This study also expanded the mechanistic knowledge as to how the association of CERK-derived C1P with cPLA2α drives enhanced wound healing, wound maturation, and pDF migration/collagen deposition. More specifically, this study demonstrated that CERK-derived C1P negatively regulates 5-HETE biosynthesis with 5-HETE, but also showed that 5-HETE was metabolized to 5-oxo-ETE, which is 100-fold more biologically active. This 5-HETE metabolite was found to act in an autocrine/paracrine manner by activating a murine OXER1 receptor to enhance pDF migration (Fig. 7). The murine OXER1 receptor has yet to be defined unlike the homolog to the human OXER1 receptor. Regardless, the effectiveness of the OXER1 antagonist, Gue1654, which blocks both 5-HETE and 5-oxo-ETE effects on pDF migration, shows the existence of an undefined homolog of the human OXER1. A recent report by Lai et al. (
) also demonstrates that the uncharacterized murine OXER1 receptor does exist in mice due to successful treatment with Gue1654 affecting coronary artery ligation-induced ischemic myocardial injury. Homology analysis shows that the mouse hydroxycarboxylic acid receptor 2 (HCAR2), which has been proposed to mediate 5-oxo-ETE responses in mice (
) and shares approximately 42% homology with human OXER1, is highly expressed in adipose tissue and macrophages and is expressed 3- to 5-fold higher when exposed to inflammatory mediators (e.g., lipopolysaccharide, tumor necrosis factor α, interleukin 1) (
). However, future studies need to confirm this murine receptor as the target for Gue1654 in mice to block 5-HETE and 5-oxo-ETE biological responses. Preliminary studies from our group utilizing compounds reported to nonspecifically downregulate murine HCAR2 in pDFs show similar migration inhibition effects as Gue1654 supporting the hypothesis that HCAR2 is the 5-oxo-ETE receptor in mice. Overall, this study can conclude that an OXER1 G-protein-coupled receptor exists in mice, which is required for 5-HETE and 5-oxo-ETE to enhance pDF migration, but this study cannot confirm the exact receptor homolog to human OXER1 at this time.
Notably, both the loss of C1P/cPLA2α interaction and the inhibition of CERK resulted in dramatic decrease of inflammatory prostaglandins concomitant with 5-HETE increase. Indeed, C1P reportedly increases during the inflammatory stage of wound healing in human subjects but then decreases during the proliferation and remodeling stages (
), suggest that C1P is a pro-inflammatory mediator modulating the inflammatory stage and an essential “stop-gap” in the subsequent activation of the proliferation stage. Thus, blocking C1P production or C1P interaction with cPLA2α proves to be beneficial for condensing the inflammatory phase and inducing the proliferation/remodeling phases earlier by enhancing fibroblast activity. Interestingly, CERK inhibitors also increased other proresolution 15-LOX-derived eicosanoids such as 15-HETE and RVD1 in various cell types. These data further suggest that C1P may regulate additional PLA2 isoforms, which regulate the production of these specific eicosanoids. One possibility could be cPLA2β, which has not been well characterized and contains a C2-domain analogous to cPLA2α (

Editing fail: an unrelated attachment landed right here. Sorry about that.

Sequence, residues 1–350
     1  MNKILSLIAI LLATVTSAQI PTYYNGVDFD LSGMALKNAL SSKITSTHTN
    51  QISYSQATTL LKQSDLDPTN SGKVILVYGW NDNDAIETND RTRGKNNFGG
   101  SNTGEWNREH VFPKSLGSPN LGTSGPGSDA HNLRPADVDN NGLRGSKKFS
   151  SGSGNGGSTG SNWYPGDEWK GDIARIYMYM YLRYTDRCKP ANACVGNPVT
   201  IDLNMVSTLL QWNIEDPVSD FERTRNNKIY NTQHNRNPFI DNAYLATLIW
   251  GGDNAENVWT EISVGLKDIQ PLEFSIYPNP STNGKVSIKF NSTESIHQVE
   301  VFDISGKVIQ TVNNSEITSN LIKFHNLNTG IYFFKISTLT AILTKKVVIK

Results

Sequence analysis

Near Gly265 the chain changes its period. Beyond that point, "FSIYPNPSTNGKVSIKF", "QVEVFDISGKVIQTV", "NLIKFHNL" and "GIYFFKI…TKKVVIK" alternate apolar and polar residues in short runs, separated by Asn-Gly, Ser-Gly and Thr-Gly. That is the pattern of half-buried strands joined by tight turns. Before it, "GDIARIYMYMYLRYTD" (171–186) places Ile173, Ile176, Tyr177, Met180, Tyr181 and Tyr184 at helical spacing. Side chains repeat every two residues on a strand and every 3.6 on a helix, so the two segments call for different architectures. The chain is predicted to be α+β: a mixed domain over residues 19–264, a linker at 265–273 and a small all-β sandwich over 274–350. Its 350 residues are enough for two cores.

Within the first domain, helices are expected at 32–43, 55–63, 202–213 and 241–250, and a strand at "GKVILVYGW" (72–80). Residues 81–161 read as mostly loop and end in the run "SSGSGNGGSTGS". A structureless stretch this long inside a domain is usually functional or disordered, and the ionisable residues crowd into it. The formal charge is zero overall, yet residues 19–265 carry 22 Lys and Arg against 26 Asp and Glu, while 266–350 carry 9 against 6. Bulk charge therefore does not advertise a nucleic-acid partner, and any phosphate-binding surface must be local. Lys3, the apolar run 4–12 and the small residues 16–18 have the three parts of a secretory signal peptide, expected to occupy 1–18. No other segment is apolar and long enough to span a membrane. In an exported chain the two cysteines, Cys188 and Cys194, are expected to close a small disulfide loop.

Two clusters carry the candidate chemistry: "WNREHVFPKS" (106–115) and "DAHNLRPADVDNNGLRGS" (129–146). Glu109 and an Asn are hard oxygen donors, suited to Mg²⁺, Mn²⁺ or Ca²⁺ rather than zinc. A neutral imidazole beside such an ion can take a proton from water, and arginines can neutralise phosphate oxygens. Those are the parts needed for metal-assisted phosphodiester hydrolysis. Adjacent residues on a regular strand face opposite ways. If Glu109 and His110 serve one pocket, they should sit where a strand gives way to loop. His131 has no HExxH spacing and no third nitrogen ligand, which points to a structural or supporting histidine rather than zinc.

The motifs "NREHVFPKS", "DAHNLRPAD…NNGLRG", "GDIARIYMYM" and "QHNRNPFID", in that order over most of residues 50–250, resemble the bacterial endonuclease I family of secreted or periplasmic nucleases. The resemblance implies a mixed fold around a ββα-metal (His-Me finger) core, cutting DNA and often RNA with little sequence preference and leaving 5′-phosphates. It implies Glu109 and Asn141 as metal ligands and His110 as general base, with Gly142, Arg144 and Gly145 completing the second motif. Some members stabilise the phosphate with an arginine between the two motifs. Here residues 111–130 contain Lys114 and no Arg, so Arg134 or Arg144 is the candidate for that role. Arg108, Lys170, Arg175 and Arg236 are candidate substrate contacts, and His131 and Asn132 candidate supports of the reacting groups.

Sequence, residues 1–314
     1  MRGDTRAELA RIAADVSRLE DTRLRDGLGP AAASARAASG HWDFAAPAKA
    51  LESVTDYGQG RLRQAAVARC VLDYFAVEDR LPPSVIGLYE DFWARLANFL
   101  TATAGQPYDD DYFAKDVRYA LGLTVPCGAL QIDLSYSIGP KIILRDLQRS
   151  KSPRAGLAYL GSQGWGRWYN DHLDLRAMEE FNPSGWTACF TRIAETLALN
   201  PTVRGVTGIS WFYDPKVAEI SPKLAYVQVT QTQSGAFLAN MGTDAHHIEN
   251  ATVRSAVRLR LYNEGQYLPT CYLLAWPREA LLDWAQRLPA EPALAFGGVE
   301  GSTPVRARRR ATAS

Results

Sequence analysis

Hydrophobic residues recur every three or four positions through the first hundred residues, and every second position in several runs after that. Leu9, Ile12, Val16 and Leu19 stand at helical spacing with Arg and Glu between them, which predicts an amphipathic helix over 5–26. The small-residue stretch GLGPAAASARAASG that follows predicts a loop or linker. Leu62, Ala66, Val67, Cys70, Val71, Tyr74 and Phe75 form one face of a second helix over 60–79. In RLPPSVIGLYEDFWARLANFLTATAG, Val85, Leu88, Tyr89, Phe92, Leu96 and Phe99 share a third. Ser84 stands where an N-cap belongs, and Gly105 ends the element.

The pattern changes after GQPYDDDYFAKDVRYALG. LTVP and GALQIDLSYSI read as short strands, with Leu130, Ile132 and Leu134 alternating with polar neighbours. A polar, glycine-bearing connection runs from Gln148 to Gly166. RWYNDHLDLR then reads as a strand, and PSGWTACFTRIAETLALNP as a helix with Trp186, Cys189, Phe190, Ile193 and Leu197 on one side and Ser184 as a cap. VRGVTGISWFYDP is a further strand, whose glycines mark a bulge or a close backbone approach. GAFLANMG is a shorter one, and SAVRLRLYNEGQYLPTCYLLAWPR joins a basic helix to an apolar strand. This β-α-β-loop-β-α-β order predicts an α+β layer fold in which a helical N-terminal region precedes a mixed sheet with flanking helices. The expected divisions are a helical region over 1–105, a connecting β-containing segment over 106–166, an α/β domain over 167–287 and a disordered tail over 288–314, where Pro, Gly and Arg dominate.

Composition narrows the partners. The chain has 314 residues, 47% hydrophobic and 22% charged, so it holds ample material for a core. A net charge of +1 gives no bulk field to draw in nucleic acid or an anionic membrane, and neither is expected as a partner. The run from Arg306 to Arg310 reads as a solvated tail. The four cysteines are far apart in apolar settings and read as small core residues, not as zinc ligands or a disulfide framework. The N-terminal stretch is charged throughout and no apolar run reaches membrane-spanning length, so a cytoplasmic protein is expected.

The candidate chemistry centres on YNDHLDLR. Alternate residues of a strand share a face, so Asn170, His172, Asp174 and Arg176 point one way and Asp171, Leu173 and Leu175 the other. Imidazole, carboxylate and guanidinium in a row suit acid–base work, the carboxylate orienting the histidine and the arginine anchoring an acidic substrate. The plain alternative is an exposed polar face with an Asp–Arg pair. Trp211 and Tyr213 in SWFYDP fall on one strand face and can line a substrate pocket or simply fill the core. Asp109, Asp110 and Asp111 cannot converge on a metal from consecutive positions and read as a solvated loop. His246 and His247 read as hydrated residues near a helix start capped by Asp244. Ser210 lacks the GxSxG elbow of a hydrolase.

One conundrum from our study is the observation that inhibition of C1P improves pDF migration. Although congruent with our previous finding in mouse embryonic fibroblasts with CERK ablated, other laboratories have reported that C1P treatment induces cellular migration in macrophages (
). We hypothesize that these differences may be due to the cellular localization of C1P. For instance, exogenous C1P treatment using a vesicle-based delivery mainly increases the C1P content of the plasma membrane (PM) in various cell types (
). Additionally, the reported opposing functions of C1P on cell migration may be due to cell type–specific variances as in our studies. Indeed, our studies utilize fibroblasts, whereas other reports show that C1P enhances macrophage migration (
). Inhibition of C1P may reduce macrophage-induced inflammation in the wound, which is a plausible mechanism to accelerate dermal wound healing. Our current study argues against a cell type–specific variance as we show that both HUVECs and HL-60 cells increase 5-HETE and 5-oxo-ETE in response to CERK inhibition, and thus, any context variations are likely due to differences in OXER1 activation in specific cell types.
Metabolism to other sphingolipids that drive cellular migration may also be a plausible explanation for the differential reports on C1P in cell migration (e.g., catabolism to sphingosine-1-phosphate) (
) and associated with cPLA2α activation and eicosanoid biosynthesis. The form of C1P may inhibit migration due to association with cPLA2α localized to this organelle and modulation of specific eicosanoids (e.g., PGE2) (
). Additionally, transport of C1P to the PM by C1P transport protein (CPTP) remains a plausible regulatory mechanism between Golgi-C1P blocking migration and PM-C1P enhancing migration or by limiting C1P release for paracrine effects (
). CERK regulation and C1P anabolism are still an enigma in the field, which was mainly due to a lack of sensitive techniques to consistently measure C1P levels accurately in cells. Although this issue is now rectified, C1P biosynthesis has not been strongly revisited. Originally, due to the very low levels of C1P in the cells versus the substrate of CERK, ceramide, conversion to C1P was not considered a plausible cellular “rheostat” for reducing ceramide levels to block proapoptotic mechanisms. The discovery of the CPTP in 2013 dispelled that dogma as these studies found a high level of “flux” of ceramide through CERK in some cell types, which was rapidly transported from the Golgi to other cellular organelles and catabolized (